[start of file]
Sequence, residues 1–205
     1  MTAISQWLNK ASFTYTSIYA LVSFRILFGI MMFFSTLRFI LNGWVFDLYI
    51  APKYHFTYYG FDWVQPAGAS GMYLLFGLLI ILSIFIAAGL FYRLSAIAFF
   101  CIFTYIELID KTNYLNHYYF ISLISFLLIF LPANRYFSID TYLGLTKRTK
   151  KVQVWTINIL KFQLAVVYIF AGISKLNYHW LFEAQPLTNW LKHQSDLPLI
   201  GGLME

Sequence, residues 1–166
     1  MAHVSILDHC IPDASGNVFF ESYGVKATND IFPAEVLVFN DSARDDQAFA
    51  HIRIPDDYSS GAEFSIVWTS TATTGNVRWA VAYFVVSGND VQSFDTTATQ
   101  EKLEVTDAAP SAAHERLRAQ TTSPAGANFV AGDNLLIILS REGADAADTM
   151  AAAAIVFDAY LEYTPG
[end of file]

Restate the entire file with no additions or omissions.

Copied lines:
Sequence, residues 1–205
     1  MTAISQWLNK ASFTYTSIYA LVSFRILFGI MMFFSTLRFI LNGWVFDLYI
    51  APKYHFTYYG FDWVQPAGAS GMYLLFGLLI ILSIFIAAGL FYRLSAIAFF
   101  CIFTYIELID KTNYLNHYYF ISLISFLLIF LPANRYFSID TYLGLTKRTK
   151  KVQVWTINIL KFQLAVVYIF AGISKLNYHW LFEAQPLTNW LKHQSDLPLI
   201  GGLME

Sequence, residues 1–166
     1  MAHVSILDHC IPDASGNVFF ESYGVKATND IFPAEVLVFN DSARDDQAFA
    51  HIRIPDDYSS GAEFSIVWTS TATTGNVRWA VAYFVVSGND VQSFDTTATQ
   101  EKLEVTDAAP SAAHERLRAQ TTSPAGANFV AGDNLLIILS REGADAADTM
   151  AAAAIVFDAY LEYTPG